At Harvard Business School, he managed no better than average grades. With some embarrassment, he recalls being more impressed by who had made the cut and gotten into BS than their actual abilities. Just 12 weeks before graduating with his MBA, he had no plan or idea on how to turn his expensive education into a living. He didn’t even sign up for a single recruiting interview on campus.
Yet today, he is the richest MBA on the planet. Michael Bloomberg, who graduated with his Harvard MBA in 1966, boasts a net worth of $59 billion, a fortune that makes the HBS alum the 20th wealthiest person in the world, according to Forbes. And even more startlingly, the moment that led him to his wealth was one that few would ever want to experience: He was unexpectedly fired by the company that had hired him straight out of Harvard Business School. At the age of 39, Bloomberg found himself terminated from the only full-time job he had ever had.
He gained a highly valuable concession prize, however: $10 million in severance after 15 years of 12-hour days and six-day weeks at what was then Wall Street’s hottest firm, Salomon Brothers. The payout, in cash and convertible bonds, gave Bloomberg the freedom to start in 1981 the company that is the source of his great wealth. Leveraging the revolution in financial information, Innovative Market Systems would later become Bloomberg LP and pretty much own the market with the Bloomberg Terminal which sits on the desks of 325,000 analysts, traders and portfolio managers around the world.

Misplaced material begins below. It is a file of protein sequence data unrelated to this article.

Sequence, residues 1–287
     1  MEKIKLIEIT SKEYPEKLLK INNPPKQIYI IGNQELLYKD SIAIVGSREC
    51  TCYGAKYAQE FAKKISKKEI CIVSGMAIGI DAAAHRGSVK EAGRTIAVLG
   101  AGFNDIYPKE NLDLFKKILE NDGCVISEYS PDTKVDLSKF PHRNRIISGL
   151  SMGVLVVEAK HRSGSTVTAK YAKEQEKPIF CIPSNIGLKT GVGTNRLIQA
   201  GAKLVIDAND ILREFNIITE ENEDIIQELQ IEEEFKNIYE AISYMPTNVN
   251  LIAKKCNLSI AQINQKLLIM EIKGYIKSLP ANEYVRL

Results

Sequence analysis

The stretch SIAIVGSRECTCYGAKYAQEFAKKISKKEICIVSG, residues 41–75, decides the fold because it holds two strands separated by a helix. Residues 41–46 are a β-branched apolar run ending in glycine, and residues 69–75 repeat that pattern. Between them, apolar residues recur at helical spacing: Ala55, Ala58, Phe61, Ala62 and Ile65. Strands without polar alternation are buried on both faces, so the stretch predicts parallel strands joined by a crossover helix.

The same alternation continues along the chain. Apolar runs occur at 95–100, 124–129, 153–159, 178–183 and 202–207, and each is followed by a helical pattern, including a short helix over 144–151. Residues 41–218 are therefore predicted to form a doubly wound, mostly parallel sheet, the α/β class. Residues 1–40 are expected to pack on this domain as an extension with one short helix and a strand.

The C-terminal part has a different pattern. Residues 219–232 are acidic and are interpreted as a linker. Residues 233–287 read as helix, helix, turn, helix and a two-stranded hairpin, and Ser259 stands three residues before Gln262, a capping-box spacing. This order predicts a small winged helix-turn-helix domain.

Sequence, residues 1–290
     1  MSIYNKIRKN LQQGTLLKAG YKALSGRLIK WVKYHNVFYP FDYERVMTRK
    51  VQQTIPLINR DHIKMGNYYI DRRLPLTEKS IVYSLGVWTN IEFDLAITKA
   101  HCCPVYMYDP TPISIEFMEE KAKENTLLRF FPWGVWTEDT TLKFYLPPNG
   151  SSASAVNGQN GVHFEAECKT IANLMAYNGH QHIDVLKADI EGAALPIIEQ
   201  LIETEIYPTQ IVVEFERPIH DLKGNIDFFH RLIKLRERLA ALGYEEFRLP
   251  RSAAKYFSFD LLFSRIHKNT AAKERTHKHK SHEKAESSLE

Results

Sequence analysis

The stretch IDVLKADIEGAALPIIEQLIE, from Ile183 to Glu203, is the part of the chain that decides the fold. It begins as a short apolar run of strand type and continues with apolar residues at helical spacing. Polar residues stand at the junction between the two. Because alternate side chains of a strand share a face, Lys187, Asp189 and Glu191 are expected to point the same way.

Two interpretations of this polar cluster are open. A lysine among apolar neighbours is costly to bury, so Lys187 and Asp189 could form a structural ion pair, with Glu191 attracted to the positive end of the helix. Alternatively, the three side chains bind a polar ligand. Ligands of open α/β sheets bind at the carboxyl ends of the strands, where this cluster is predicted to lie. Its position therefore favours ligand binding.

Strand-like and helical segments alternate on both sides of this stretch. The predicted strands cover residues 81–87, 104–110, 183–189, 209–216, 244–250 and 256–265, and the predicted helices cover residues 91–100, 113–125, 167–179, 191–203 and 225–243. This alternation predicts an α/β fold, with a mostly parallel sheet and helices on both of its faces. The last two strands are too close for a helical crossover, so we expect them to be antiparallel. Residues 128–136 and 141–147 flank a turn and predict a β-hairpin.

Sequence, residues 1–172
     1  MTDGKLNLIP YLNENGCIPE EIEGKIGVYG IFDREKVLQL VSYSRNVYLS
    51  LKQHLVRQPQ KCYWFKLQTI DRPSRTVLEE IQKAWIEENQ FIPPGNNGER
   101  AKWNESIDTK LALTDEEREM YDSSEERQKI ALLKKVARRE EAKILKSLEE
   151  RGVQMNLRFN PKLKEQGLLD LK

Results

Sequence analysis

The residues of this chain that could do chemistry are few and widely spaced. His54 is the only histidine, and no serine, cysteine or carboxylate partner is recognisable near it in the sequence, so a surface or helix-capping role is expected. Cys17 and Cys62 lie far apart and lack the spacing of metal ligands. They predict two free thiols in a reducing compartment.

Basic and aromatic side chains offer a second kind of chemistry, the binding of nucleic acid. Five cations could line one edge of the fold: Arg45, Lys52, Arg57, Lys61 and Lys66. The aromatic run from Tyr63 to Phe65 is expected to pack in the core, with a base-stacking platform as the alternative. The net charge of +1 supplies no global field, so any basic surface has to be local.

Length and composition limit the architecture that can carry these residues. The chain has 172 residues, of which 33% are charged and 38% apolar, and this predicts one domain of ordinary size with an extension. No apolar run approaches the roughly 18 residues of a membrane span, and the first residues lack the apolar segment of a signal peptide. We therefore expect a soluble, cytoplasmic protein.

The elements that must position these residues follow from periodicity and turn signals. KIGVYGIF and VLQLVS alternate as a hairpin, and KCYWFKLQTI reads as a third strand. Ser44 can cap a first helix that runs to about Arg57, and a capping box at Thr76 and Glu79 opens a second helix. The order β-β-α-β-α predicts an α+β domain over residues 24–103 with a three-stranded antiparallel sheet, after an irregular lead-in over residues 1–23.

THE MBA BILLIONAIRE BUNCH
Bloomberg is among a bevy of billionaires with MBA degrees. Currently, nine of the top 100 wealthiest people in the world have an MBA, with a majority of them–five in all–from Harvard Business School. Not surprisingly, Harvard’s West Coast rival, Stanford Graduate School of Business, is next with two MBAs among the top 100. But MBAs billionaires abound from many business schools including the University of Iowa, Wake Forest University, the University of London, and the University of Cincinnati, among others. All told, there are at least 18 MBA graduates among the top 250, and billionaire MBAs are littered throughout the 2,755 billionaires on Forbes 2021 rich list, which expanded by 660 more than a year earlier.
Right behind Bloomberg on the Forbes list is Stanford MBA Phil Knight, the co-founder of Nike, with a fortune valued at $50 billion, placing him 25th on the list, five places behind Bloomberg. Ukrainian-born Len Blavatnik, who earned his MBA from Harvard in 1989, has an estimated net worth of $32 billion which puts him 46th on the Forbes rich list and the wealthiest person in the United Kingdom thanks to a conglomerate he founded. A 1972 Harvard MBA, Stephen Schwarzman, co-founder and CEO of The Blackstone Group, one of the world’s largest private equity players, is worth $21.9 billion. That fortune makes him the 79th richest person in the world, according to Forbes.